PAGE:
Orchids Planted at West Kendall Baptist Hospital as Part of Conservation Project

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August 11, 2017

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Once thriving, tropical native plants in South Florida, orchids have been decimated through exploitation and reduced habitat over the last century. With the help of volunteers and employees at West Kendall Baptist Hospital, the experts at Fairchild Tropical Botanic Garden hope to change that. The garden’s Million Orchid Project aims to reestablish native orchids in the urban landscape through conservation and restoration efforts with partnering community entities.

(Video: The Baptist Health South Florida News Team hears from volunteers and employees at West Kendall Baptist Hospital about the hospital’s participation in an orchid conservation program. Video by Tony Vivian)

“It’s extremely important to us as members of this great West Kendall community to look for opportunities to partner with others to keep our community green and beautiful,” said Lourdes Boue, vice president of operations at West Kendall Baptist Hospital. “We’re happy to plant our first orchids here with Fairchild Tropical Botanical Garden as part of their Million Orchid Project.”

The West Kendall Baptist Hospital and Fairchild collaboration is projected to last for two years with hopes of planting and cultivating more than 2,500 orchids on the hospital property.  The benefits extend far beyond beauty.

Jason Downing, an orchid biologist at Fairchild Tropical Botanical Garden, recognizes the conduit orchids provide for engaging the public through their beauty.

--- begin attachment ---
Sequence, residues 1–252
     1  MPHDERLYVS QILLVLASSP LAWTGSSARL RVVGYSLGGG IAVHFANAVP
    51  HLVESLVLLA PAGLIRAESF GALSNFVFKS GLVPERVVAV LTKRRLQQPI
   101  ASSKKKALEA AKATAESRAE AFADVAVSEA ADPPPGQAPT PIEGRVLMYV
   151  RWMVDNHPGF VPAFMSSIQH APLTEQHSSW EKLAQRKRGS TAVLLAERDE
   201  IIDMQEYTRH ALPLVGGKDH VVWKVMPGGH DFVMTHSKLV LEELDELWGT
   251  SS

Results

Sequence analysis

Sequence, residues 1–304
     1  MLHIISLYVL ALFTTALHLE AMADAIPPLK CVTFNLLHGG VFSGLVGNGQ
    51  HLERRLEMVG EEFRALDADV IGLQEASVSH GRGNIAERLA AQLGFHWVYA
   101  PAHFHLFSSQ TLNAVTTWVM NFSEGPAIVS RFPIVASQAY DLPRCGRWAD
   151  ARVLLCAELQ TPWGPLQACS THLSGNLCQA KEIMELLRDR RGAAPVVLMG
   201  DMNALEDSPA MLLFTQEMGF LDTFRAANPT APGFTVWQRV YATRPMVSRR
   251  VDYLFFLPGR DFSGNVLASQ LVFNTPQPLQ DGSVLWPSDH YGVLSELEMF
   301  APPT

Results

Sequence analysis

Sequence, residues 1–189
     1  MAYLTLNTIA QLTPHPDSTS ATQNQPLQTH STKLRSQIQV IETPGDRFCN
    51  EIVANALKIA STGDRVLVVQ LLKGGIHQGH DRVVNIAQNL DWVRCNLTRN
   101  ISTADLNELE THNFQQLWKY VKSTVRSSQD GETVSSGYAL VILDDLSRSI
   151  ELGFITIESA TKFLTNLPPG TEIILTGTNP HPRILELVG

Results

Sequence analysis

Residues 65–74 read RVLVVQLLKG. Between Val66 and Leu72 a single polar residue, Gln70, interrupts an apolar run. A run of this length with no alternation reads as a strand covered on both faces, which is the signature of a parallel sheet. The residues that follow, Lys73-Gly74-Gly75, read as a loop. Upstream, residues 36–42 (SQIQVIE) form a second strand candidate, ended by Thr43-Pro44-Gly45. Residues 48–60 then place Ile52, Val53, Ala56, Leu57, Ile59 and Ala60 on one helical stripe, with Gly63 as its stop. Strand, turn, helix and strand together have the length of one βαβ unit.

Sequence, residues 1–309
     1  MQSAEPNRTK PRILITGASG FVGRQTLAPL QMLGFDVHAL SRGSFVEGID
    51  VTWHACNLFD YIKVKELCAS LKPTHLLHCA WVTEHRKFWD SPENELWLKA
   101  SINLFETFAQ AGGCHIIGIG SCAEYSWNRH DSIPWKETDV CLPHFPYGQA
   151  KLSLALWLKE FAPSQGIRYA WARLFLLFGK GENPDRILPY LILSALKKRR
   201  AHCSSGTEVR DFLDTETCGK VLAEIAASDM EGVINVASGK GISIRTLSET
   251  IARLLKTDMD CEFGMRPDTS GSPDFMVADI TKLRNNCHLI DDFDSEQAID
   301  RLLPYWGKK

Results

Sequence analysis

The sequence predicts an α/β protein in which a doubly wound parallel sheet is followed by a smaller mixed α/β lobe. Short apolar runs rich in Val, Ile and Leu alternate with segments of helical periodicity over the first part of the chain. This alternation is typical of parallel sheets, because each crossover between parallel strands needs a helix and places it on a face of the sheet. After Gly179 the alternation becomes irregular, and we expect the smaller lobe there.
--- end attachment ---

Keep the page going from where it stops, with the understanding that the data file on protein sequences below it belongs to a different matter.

“The connection is what brings the project together,” he explains. “This project, in general, is really unique in its scale and ability to integrate the community.”

Mr. Downing added that 100 percent of the plants being placed on the hospital’s property are from volunteers in the community. While orchids thrive naturally in the local climate, many think of them as disposable potted plants. Changing the perception from something disposable to permanent in the urban setting requires some creative thinking, he said.

“It’s a very different twist on traditional conservation where we go deep into the natural areas and pull these plants out. Instead, the Million Orchard initiative focuses on places in the urban landscape like streets, trees, schools, community centers, churches and hospitals,” Mr. Downing said.  “It’s really a fast forward look at what conservation may look like in the future as we lose more of our natural areas.”

According to Fairchild, the Million Orchid Project is a massive science experiment that allows people to make important discoveries about how native orchids grow and reproduce. Additionally, the project’s scientific findings may help develop more general strategies for rescuing rare plants within a highly developed urban environment.